by Chris Johnson (@ChrisDJohnsonn)
EVANSTON, Ill -- Over and Over again, like a broken record, Bill Carmody repeated the most pressing concern following Northwestern’s eight-point loss to Indiana Sunday. It is a self-evident basketball truism that extra shot opportunities increases scoring probability, and that rebounding is the best way to maximize such opportunities. Northwestern was dominated on the glass, and Carmody knew it.
“They were punishing us on the backboards,” he said. “They were productive getting offensive rebounds and tip-ins; second shots. I thought our defense was pretty good but you have to get them off the glass.”
This is not a new problem for the Wildcats. Entering Sunday, they ranked 295th in the country in offensive rebounding percentage and 216th on defense. For context, those ranks fall 11th and 12th, respectively, amongst Big Ten teams. The Hoosiers, meanwhile, rank second in OR percentage and ninth in DR.
The better rebounding team controlled the glass Sunday, winning the rebounding margin by 12 (36-24), with center Cody Zeller accounting for 13 boards on his own. There are teams that, for strategic reasons, purposefully eschew offensive rebounds to race back and defend in the half court. The jump start helps teams set up shop more quickly on the other side of the court, even if there’s a great risk that valuable second-chance points go by the wayside as natural strategic casualties.
In certain situations, Northwestern coach Bill Carmody counsels his team to race back defensively, rather than throw players at the hoop in wasted attempts at offensive rebounds. On Sunday, Carmody expressed genuine dismay at his team’s lack of effort on the defensive glass.
Asked about the Wildcats’ defensive execution against a high-powered IU offense, Carmody narrowed the topic at hand, preferring instead to delve into Sunday’s biggest lament. “What bothers me is the rebounding.” Generally, Northwestern is not an excellent rebounding team, and their efficiency profile reflects that. What Carmody’s statement reflected was not so much a collective problem as an individual one. “Our two centers had only one rebound between them, and that’s scary,” he said. “They play, say, 35 minutes and only get one rebound. That’s just not acceptable.”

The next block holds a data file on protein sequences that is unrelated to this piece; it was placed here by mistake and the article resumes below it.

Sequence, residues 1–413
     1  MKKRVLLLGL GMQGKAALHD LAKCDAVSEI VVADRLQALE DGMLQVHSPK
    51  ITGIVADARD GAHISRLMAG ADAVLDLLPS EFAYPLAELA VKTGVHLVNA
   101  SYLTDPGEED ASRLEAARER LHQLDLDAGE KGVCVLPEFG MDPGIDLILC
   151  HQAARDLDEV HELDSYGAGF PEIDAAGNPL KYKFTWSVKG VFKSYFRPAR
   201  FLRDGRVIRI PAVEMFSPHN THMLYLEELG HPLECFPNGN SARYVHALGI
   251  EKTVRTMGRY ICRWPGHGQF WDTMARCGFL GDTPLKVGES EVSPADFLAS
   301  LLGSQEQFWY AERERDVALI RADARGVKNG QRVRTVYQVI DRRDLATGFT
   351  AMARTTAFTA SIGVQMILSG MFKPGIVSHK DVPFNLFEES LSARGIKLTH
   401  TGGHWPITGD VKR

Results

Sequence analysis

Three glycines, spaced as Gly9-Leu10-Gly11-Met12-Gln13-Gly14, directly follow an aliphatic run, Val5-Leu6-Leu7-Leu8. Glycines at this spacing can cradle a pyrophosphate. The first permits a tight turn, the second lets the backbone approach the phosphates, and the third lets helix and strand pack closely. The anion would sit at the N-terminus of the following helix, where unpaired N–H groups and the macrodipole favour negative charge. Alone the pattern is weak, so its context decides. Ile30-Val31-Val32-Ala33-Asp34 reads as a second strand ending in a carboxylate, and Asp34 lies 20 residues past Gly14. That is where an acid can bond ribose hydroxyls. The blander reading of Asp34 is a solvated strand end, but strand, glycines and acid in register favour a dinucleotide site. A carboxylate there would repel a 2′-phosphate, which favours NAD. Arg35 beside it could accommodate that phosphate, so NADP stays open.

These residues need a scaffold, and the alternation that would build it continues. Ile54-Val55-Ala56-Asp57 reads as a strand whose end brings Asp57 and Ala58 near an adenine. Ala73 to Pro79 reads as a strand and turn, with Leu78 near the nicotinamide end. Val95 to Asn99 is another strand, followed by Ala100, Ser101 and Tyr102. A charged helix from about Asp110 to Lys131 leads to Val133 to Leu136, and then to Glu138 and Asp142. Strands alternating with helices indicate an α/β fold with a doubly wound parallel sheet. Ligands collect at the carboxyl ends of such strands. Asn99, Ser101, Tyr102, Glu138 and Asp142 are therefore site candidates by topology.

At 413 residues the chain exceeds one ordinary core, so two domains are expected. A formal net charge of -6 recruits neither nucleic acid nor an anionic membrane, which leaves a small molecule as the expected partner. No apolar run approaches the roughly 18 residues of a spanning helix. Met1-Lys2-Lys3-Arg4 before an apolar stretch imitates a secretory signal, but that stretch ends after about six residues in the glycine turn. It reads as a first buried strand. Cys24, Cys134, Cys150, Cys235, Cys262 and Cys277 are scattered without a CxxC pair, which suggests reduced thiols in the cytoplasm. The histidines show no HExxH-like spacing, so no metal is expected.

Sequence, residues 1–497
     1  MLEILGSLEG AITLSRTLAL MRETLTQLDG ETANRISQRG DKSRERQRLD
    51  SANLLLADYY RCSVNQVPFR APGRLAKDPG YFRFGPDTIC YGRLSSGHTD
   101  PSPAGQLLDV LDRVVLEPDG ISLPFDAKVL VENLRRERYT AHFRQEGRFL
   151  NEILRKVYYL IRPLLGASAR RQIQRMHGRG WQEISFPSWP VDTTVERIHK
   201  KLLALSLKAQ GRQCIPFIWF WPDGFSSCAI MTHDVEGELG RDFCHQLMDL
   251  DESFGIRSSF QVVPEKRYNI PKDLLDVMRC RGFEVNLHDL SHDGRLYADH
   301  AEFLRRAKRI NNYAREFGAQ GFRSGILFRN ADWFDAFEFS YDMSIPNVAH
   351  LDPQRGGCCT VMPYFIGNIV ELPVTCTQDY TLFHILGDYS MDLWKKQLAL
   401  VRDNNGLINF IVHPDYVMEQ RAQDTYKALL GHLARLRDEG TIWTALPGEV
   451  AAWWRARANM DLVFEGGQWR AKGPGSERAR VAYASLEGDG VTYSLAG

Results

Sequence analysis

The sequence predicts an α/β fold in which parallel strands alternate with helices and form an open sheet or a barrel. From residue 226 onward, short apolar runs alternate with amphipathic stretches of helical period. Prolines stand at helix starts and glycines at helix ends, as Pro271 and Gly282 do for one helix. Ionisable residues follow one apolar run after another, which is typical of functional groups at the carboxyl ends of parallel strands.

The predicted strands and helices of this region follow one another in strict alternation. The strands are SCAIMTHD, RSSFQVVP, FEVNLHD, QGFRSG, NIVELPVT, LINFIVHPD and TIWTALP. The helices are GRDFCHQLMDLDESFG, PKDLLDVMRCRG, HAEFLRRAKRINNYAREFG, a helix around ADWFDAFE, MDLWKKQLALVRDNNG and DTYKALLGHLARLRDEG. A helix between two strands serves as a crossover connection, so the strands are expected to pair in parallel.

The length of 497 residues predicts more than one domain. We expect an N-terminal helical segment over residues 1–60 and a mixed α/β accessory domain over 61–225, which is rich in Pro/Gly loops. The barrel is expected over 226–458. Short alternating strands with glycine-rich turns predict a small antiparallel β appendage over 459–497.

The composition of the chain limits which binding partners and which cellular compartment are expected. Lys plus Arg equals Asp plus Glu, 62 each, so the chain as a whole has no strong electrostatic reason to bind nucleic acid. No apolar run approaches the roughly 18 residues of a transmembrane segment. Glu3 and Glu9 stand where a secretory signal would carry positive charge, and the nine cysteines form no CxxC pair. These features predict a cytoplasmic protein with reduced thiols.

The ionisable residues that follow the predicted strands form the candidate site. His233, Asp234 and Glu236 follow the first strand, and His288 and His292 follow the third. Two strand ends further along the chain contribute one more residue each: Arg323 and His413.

The players at fault, Alex Olah and Mike Turner, were accurately and rightfully berated by their head coach. Indiana features one of the most skilled frontcourt players in the country in Zeller, a proactive rim-crashing wing in Victor Oladipo and a rangy four-man, Christian Watford, who attacks the boards defensively better than most power forwards in the country. The Wildcats were never expected to match Indiana board-for-board. Competing, or at least obstructing Indiana’s rebounding efforts, was a baseline requirement for victory. Instead, Olah and Turner allowed Zeller and co. to control the painted area, establish perfect positioning under the hoop and block out Wildcat defenders to clear space.
As cumbersome and tricky as Northwestern’s zone defense can be, teams are going to get their shots up. And if the Wildcats can’t gobble up those misses, then defensive effort becomes futile, possessions turn into minutes-long slogs and opponents reap the benefits of easy points from point-black distance.
It’s a vicious cycle that Northwestern hoped to address this season with a bigger, deeper frontcourt. Freshman Olah was expected to provide immediate assistance on the glass. Transfer Jared Swopshire was another piece. Redshirt freshman Mike Turner, while undersized, could do his part.
To date the Wildcats haven’t improved much at all in the rebounding realm. Their offensive and defensive percentages are better than last season’s dreadful marks – 319th and 327th, respectively – but in this year's rugged Big Ten, where teams roll out length and size and athleticism in droves, those numbers need to improve even more.
That was painfully apparent Sunday, and it will remain a constant drag on Northwestern’s ability to win conference games the rest of the season.